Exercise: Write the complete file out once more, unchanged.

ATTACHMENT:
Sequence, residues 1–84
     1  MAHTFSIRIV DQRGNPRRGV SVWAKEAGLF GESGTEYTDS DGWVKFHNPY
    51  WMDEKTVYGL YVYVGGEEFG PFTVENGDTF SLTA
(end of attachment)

Sequence, residues 1–84
     1  MAHTFSIRIV DQRGNPRRGV SVWAKEAGLF GESGTEYTDS DGWVKFHNPY
    51  WMDEKTVYGL YVYVGGEEFG PFTVENGDTF SLTA